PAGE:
The year 1999 brought me one of my most memorable moments. Because my grandson was born at home, hospital circumcision was not available. So we went to a Jewish physician who was also a mohel, or professional circumciser. Holding my grandson for the ancient rite, I felt apprehensive: would I be able to hold Christopher steady enough to avoid a surgical accident? But I also felt a spiritual connection to Abraham and Moses in that moment.
In November, voters in San Francisco could have penalized anyone circumcising a boy under 18 (up to a $1,000 fine or a year in jail), if a court hadn't killed a controversial ballot measure in July.
Although the vast majority of infants in America are circumcised for hygienic rather than ritual reasons, this proposal had strong antireligious overtones. "Jews, Muslims, and Christians all trace our spiritual heritage back to Abraham. Biblical circumcision begins with Abraham," said Leith Anderson, president of the National Association of Evangelicals. "No American government should restrict this historic tradition. Essential religious liberties are at stake."
In American law, religious liberties are not absolute. In the 1880s, Congress stripped civil rights from Mormons who practiced plural marriage. And in 2011, a jury convicted an Oregon couple of first-degree criminal mistreatment because they chose prayer over standard medical treatment for their daughter.
What is the difference? No major world faith commands plural marriage or substituting prayer for medical treatment. Infant circumcision is, however, a mandate of Jewish faith and a millennia-old marker of Jewish identity. Sabbath observance, kosher diet, and ritual circumcision are historically the three big marks of Jewish identity. Orthodox Jews maintain all three. Most liberal Jews, who likely fudge on Sabbath and food, still circumcise—or feel vaguely guilty if they don't.
Matthew Hess, president of the group behind the proposed ordinance, told the San Francisco Chronicle, "We're not trying to be anti-Semitic. We're trying to be pro-human rights." They may not have been trying to be anti-Semitic, but the caricatures of Jews in a comic book Hess wrote play into centuries-old stereotypes. In issue #2 of Foreskin Man, a villain named Monster Mohel bursts into the room flanked by gun-toting thugs. He snatches an infant, and while one of his goons restrains the mother, prepares to sacrifice the infant's foreskin. Monster Mohel has an evil grin, untrimmed hair and beard, stringy saliva, and vacant zombie eyes.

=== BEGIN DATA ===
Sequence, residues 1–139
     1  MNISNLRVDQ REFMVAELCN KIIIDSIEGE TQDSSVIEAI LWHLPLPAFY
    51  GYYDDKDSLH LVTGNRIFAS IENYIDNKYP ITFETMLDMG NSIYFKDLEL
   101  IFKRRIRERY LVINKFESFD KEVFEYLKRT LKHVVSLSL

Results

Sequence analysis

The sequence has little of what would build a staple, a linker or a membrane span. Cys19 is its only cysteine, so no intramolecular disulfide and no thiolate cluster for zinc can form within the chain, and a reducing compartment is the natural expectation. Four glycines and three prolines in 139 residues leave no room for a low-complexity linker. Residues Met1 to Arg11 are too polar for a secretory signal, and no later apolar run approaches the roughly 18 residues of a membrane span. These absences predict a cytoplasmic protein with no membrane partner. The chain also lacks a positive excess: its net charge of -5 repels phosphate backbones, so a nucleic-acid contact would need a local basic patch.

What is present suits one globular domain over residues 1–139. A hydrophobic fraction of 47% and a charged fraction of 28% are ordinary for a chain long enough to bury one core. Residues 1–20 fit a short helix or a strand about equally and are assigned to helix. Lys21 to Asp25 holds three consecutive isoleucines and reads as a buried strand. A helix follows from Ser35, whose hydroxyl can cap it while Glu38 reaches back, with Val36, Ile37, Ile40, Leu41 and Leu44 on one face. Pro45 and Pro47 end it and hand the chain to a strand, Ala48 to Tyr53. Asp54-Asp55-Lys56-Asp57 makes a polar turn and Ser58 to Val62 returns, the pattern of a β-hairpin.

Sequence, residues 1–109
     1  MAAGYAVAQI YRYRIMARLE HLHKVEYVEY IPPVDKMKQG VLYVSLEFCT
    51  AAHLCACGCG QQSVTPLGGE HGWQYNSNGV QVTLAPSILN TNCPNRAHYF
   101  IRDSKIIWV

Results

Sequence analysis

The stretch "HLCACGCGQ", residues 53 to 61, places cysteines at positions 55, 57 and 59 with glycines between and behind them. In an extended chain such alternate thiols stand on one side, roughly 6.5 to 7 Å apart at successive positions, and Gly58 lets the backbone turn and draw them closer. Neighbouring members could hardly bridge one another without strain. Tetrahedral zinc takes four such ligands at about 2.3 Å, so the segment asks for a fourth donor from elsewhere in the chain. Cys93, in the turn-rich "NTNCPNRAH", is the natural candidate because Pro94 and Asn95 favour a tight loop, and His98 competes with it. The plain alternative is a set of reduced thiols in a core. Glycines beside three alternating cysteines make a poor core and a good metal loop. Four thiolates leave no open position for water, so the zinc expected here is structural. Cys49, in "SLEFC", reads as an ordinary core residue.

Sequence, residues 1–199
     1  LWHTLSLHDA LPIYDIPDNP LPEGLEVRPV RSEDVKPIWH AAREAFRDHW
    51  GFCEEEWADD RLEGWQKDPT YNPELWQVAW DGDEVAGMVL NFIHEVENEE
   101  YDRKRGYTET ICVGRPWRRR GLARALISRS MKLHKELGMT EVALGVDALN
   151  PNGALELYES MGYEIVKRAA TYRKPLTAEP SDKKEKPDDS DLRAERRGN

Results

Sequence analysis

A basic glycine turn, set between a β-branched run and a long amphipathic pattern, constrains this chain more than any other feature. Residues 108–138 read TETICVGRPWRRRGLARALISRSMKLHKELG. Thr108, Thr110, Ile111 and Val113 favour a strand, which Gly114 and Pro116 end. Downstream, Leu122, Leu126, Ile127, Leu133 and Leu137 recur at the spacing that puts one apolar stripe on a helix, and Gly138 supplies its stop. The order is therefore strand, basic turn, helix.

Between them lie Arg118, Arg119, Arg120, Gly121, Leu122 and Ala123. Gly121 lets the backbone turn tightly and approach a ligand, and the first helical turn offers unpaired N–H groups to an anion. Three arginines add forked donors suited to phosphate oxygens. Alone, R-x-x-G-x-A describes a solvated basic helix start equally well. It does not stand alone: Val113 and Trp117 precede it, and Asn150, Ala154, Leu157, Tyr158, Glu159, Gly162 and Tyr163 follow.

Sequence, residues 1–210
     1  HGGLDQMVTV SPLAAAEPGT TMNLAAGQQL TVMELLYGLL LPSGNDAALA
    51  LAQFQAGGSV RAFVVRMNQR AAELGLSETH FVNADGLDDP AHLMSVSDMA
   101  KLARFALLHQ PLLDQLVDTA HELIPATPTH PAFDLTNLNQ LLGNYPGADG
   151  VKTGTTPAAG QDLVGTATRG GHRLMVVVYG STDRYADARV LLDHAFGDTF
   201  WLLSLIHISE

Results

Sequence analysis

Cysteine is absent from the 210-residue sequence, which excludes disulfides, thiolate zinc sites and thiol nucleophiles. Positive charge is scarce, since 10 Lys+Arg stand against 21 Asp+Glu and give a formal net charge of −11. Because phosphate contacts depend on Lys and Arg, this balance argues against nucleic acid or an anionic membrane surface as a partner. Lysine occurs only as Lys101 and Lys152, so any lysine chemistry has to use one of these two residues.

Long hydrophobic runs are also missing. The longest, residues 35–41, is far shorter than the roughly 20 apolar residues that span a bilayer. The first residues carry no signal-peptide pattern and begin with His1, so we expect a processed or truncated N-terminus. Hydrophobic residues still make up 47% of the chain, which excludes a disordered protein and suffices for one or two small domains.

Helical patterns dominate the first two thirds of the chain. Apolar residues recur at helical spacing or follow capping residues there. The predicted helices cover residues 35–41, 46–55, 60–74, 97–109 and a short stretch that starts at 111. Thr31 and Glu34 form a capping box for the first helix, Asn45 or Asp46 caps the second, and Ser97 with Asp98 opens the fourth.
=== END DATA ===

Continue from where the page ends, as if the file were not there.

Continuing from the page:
Stories about Jews stealing infants and circumcising them circulated in the Middle Ages and actually cost Jewish lives. This anti-circumcision campaign is trading in stock anti-Semitic tropes.
For most of their history, Christians thought circumcision, kosher diet, and Sabbath would prevent unity among Jesus' followers. Paul was first out of the gate with his letter to the Galatians. We often forget that a debate about circumcision frames our favorite verses about justification by faith. Paul was clear: "If you accept circumcision, Christ will be of no advantage to you" (Gal. 5:2, ESV). Justin, Abelard, and Luther elaborated Paul's themes. Drawing on the Hebrew prophets, they claimed that the true circumcision God commands is spiritual, a "circumcision of the heart." Jews, they argued, were blind to the superiority of the spiritual over the physical. Circumcision was evidence of their blindness.
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